La Choulette Brewery - La Coulette Framboise

La Choulette Brewery - La Coulette Framboise

Beer Club featured in Rare Beer Club

Style:

Bière de Garde with Raspberries

Country:

France

Alcohol by Volume:

6.00%

La Choulette Brewery - La Coulette Framboise

  • Alcohol by Volume: 6.00%
  • Bottle Size: No
  • Serving Temperature: 40-45° F
  • Suggested Glassware: Flute or Small Tulip
Framboise (pronounced: fram-bwahz) is French for raspberries and is typically associated with “lambic,” a style of beer that is traditionally made in the southwest of Brussels, Belgium, where ambient airborne yeast spontaneously ferment the beer in open, lidless vats (no yeast is added by the brewer; the beer is left in an attic space, vents to let in outside air are opened, and fans are turned on—and nature takes its course). This region of Belgium is one of very few in the world where this natural, wild yeast inoculation is possible. La Choulette Framboise is not a lambic; it’s a Bière de Garde, France’s only indigenous style of beer, with raspberries added. The result is a less tart, but still fruity, beer that delivers the spiciness and drinkability of the Bière de Garde style, with the aroma of fresh-picked fruit. This amber colored beer pours a pink hue with a white, tight-laced head of a slightly pinkish hue. Not surprisingly, it smells like fresh, unwashed berries, complete with the woody notes you get in the stems and pistil remnants (the small hairlike protrusions in the fruit) of fresh-picked raspberries. Look for a slight cranberry note, as well, with a clean malt sweetness. Alcohol is absent from the bouquet, which is surprising given that this is one-and-a-half times the strength of most commercial Belgian framboise beers. By comparison with most commercial lambic-based framboise beers, it’s far more subtle and dramatically less sweet, and has very little tart (acidity) character. Expect the berry flavors to taste ripe and very natural—no artificial extracts here! Instead of whacking you over the skull with raspberry notes and cloyingly sweet character, this beer tastes as though it’s bathed in raspberries rather than saturated with them. As it warms, a faint chocolate note is detected, giving this beer a great dessert quality. Finishes approachably dry rather than overtly tart, with a raspberry and biscuit fade and faint wood and iron notes. More an experience of “fruit in your beer” than a “fruit beer.” Rated “Exceptional” during the 2003 World Beer Championships in Chicago. Whereas more tart examples work nicely with bitter, dark chocolates, this one works quite well with milk chocolate, particularly something with raisins, blueberries, and/or cranberries. Want to elevate a “Chunky” bar to something of gourmet caliber? Pair it with this beer. Or enjoy with a sweet crepe loaded with blueberries.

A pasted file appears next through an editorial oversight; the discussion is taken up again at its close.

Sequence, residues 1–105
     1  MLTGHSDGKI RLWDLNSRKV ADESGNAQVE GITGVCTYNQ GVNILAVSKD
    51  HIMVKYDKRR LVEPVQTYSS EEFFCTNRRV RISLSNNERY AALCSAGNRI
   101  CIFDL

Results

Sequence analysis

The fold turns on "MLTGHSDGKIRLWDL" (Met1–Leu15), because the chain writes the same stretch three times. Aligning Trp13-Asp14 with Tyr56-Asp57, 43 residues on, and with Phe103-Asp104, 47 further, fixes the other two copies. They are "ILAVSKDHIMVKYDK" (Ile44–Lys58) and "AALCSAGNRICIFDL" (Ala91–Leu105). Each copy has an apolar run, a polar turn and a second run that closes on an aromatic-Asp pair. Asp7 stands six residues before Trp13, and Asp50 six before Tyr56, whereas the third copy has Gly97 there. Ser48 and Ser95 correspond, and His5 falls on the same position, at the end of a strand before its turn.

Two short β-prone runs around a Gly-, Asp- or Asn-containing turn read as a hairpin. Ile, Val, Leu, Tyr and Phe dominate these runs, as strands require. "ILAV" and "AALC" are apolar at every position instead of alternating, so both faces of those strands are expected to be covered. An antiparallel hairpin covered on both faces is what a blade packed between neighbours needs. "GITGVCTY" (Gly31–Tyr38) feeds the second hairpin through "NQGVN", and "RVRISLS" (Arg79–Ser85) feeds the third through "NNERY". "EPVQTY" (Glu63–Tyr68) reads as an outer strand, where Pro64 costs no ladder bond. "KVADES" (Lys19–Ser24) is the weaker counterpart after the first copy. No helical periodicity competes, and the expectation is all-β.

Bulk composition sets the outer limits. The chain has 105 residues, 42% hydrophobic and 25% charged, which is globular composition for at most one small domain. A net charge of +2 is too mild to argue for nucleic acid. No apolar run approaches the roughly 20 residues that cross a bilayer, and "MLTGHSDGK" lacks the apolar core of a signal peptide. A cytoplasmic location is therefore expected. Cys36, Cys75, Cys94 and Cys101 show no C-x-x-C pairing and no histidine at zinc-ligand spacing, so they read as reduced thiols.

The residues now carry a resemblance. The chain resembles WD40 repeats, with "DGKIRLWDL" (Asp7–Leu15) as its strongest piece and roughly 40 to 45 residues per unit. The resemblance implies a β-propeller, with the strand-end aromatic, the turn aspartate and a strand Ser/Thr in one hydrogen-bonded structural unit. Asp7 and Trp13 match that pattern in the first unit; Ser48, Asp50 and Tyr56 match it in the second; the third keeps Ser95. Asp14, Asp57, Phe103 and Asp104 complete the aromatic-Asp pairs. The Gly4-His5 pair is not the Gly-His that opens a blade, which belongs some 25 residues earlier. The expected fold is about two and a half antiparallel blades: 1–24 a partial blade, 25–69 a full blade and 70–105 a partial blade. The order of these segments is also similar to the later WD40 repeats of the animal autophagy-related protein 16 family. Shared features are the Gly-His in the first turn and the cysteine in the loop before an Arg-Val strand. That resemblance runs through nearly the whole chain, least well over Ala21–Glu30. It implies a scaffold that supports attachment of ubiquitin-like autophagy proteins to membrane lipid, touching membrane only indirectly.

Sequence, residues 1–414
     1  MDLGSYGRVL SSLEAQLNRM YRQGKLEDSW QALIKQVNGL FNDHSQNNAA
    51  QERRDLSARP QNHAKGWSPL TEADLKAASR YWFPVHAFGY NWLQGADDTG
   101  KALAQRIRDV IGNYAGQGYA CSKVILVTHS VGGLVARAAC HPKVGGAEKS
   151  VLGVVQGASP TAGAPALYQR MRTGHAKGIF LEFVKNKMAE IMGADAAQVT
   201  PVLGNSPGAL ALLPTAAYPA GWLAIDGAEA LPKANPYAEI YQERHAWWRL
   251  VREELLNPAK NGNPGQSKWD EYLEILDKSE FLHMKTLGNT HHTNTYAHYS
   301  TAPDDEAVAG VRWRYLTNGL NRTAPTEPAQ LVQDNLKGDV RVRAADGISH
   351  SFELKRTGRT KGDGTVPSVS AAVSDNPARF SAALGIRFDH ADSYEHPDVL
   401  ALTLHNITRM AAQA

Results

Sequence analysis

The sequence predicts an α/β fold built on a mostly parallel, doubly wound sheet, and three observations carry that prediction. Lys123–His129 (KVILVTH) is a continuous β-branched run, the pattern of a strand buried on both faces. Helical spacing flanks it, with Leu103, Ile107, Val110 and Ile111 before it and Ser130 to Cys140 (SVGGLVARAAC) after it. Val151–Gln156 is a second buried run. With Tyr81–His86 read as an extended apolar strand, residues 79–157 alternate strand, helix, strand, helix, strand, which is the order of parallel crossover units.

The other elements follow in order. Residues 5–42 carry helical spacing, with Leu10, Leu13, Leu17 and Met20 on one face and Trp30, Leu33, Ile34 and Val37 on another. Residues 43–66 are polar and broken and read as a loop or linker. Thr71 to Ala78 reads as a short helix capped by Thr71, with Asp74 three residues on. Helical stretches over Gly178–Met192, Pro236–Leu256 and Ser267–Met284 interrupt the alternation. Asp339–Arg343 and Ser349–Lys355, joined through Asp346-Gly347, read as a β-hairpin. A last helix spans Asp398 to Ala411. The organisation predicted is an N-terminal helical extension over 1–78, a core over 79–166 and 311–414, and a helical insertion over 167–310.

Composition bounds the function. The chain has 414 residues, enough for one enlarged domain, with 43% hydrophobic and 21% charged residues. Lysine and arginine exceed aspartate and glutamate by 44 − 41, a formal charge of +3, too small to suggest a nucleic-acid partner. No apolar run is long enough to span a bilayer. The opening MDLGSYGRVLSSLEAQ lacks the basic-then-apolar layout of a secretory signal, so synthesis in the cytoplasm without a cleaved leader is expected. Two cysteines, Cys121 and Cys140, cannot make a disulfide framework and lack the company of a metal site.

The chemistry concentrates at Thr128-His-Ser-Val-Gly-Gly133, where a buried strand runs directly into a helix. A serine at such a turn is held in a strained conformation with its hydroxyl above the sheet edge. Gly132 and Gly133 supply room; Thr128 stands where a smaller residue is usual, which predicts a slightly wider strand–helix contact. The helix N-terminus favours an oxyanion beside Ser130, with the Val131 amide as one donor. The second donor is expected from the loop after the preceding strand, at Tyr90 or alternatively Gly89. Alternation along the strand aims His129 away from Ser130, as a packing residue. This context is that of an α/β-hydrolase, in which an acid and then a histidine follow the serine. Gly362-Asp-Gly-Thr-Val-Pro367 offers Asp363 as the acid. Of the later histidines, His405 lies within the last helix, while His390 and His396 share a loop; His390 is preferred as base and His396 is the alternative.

Translation: La Choulette Brewery (a ‘choulette’ is the wooden ball used in a European sport, Crosse, popular in the 1800s & described as a cross between golf and field hockey) County: France City: Hordain Regional Locale: Central Northern tip of France, near Lille (about 100 miles north of Paris) Official Language: French How To Say Beer There: Bière (pronounced: b’yaire) Continent: Europe Bière de Garde (meaning “beer for keeping”) is the indigenous beer style of France. Similar to Belgium’s Saison style, it, too, is a farmhouse ale. Developed in the northern corner of France, near the Belgian border, it was brewed in early spring and kept for drinking in the warmer summer months. Bière de Garde is most often likened to Saison, but indeed there are differences, with the former typically more malt-focused, less spicy, less tart, and often possessing more of a cellar-like mustiness than the wild “horse blanket” character often found in the latter. There are a few artisanal brewers who still brew the style, though it was in danger of complete extinction some years ago. At the dawn of the 20th century, there were nearly 250 breweries making Bière de Garde, but the crushing popularity of lager beers effectively led to an almost whole-scale demise of the farm country brewery style. One very small brewery that has survived (there are fewer than two dozen that remain today) is Brasserie La Choulette, located in Hordain, France. Their beers are critically acclaimed, but what’s a bunch of accolades these days—seriously, if Britney Spears can win a Grammy, what’s that say about awards? Fortunately, these folks actually have talent, truly deserving the high praise earned by their beers. The brewery dates from 1885, having been in the hands of the current owners, Alain Dhaussy and his wife, Martine, since 1977. Yes, lager beer lust effectively shut it down. Though Alain had studied pharmacy, his grandfather was a brewer and his son a beer wholesaler. It seemed natural to embrace the family tradition and become a brewer himself. An amateur historian, he ultimately brought the brewery back to its roots by returning to the tradition of brewing Bière de Garde, and has since been recognized internationally as producing some of the world’s finest examples of this traditional French farmhouse style. The La Choulette beer we’ve selected for you is a Bière de Garde with a twist (check out the beer review below for more details). Enjoy! For more information about the brewery, check out their website at www.lachoulette.com.
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